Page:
The 1938 first edition of Daphne du Maurier’s Rebecca sold by Taylors of Montrose for £4200.

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Offered in a recent Scottish sale was a 1938 first edition of Rebecca by Daphne du Maurier, one that sports the familiar red, black and yellow colours of the trademark, typographic-only jackets once favoured by the publisher, Gollancz.

Described as a copy without any major flaws, it was said to show some edge wear, mostly along the top, and to have the spine of the unclipped jacket sunned and bearing some minor marks. A small knock at the bottom of the front cover was also noted but the binding was said to be otherwise tight and the contents essentially clean and clear.

In a May 4 sale held by Taylors (25% buyer’s premium) in Montrose, Angus, it realised £4200 against an estimate of £300-500.

Despicable behaviour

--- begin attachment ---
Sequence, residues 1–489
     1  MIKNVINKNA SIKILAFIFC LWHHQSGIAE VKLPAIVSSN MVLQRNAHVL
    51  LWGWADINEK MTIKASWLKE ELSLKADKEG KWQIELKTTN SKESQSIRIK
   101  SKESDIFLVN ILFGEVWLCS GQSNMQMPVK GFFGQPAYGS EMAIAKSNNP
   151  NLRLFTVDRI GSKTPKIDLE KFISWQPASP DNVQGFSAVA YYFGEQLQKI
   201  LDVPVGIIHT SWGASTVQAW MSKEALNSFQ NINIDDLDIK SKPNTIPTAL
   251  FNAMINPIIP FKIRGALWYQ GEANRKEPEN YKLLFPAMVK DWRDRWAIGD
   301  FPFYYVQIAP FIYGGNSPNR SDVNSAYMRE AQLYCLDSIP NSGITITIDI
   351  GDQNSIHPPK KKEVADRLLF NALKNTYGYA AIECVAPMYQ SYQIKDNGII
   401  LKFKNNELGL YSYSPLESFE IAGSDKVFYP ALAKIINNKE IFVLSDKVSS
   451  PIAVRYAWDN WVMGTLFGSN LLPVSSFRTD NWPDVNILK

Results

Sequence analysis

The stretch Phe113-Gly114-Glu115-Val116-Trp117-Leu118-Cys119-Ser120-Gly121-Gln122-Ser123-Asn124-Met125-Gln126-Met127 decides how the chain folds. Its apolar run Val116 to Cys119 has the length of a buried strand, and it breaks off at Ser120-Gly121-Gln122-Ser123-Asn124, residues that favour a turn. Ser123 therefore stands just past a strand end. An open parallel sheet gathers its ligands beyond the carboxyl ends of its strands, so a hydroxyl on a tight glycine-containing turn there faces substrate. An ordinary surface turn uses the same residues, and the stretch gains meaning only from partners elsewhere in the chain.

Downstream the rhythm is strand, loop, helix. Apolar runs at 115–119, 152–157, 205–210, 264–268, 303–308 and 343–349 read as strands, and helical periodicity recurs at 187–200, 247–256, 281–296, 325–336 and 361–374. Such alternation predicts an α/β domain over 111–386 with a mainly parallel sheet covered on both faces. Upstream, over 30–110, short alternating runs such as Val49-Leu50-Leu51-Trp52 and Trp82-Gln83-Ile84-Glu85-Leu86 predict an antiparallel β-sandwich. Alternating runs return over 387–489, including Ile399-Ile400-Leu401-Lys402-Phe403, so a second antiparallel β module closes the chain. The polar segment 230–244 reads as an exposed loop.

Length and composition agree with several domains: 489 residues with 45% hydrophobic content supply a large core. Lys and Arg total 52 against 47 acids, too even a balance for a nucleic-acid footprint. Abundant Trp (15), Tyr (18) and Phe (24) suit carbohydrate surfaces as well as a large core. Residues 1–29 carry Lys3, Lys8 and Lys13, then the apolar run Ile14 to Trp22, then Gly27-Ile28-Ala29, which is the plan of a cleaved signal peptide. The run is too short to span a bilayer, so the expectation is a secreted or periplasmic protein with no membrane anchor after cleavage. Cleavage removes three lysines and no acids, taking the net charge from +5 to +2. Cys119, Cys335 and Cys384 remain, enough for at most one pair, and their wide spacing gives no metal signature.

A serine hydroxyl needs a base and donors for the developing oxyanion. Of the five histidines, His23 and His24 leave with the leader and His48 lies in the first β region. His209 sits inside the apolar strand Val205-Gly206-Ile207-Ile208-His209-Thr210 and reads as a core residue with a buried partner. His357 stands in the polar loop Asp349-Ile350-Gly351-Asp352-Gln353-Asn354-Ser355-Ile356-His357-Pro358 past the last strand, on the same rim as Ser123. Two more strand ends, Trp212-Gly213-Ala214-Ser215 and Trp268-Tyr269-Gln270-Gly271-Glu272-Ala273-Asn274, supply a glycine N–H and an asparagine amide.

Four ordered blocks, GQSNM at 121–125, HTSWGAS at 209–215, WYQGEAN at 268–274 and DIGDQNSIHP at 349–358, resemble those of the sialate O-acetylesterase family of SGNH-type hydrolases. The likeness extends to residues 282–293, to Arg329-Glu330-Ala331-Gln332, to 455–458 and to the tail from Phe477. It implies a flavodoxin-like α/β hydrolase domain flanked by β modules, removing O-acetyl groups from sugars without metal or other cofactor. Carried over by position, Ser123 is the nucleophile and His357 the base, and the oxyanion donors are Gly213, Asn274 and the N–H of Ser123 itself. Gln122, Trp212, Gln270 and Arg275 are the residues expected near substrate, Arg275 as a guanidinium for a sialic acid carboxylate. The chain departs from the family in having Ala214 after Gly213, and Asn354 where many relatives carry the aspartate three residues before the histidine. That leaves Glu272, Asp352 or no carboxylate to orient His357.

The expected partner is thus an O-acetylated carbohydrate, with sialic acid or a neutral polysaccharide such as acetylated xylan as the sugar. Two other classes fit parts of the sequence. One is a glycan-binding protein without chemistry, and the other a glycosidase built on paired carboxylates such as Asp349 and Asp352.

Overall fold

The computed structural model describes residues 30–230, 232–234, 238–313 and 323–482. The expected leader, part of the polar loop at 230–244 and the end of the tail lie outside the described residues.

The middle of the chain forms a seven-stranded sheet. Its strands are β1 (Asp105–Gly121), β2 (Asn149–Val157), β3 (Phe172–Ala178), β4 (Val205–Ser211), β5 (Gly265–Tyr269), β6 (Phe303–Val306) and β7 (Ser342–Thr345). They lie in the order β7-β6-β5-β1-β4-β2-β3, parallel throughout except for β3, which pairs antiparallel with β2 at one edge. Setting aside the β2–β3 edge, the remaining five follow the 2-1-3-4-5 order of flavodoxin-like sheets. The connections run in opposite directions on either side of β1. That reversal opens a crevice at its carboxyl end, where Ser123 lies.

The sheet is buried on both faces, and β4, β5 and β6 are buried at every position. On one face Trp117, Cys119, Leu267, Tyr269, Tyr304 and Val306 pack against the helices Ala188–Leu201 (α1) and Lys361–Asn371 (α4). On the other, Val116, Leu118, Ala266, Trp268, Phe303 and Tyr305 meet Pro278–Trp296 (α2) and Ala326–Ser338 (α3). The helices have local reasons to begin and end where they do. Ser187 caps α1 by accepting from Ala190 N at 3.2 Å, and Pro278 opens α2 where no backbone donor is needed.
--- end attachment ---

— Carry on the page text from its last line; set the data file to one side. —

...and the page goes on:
The title-page of The Misfortunate Fair, or; Unhappy Lovely Maid…, which made £800 at Taylors, 40 times the low estimate.

Also part of that auction was a copy of a much less familiar work, and one for which I have so far been unable to find anything more than what is revealed by the title-page.

It tells of the despicable behaviour of a so-called ‘Young Gentleman’ who seduced and ruined a young lady but then declined to marry her – which shameful behaviour “…was the utter Destruction of them both”.

A copy of The Misfortunate Fair, or; Unhappy Lovely Maid, and the Deceiver Punished, it came with a condition report that read: “Leather rubbed, bookplate partially removed, original back paper cover lost, ex ownership inscription to final page, light browning/foxing/staining, page corners and edges folded and sometimes a little frayed.”

But it was still sold at £800 against an estimate of £20-30.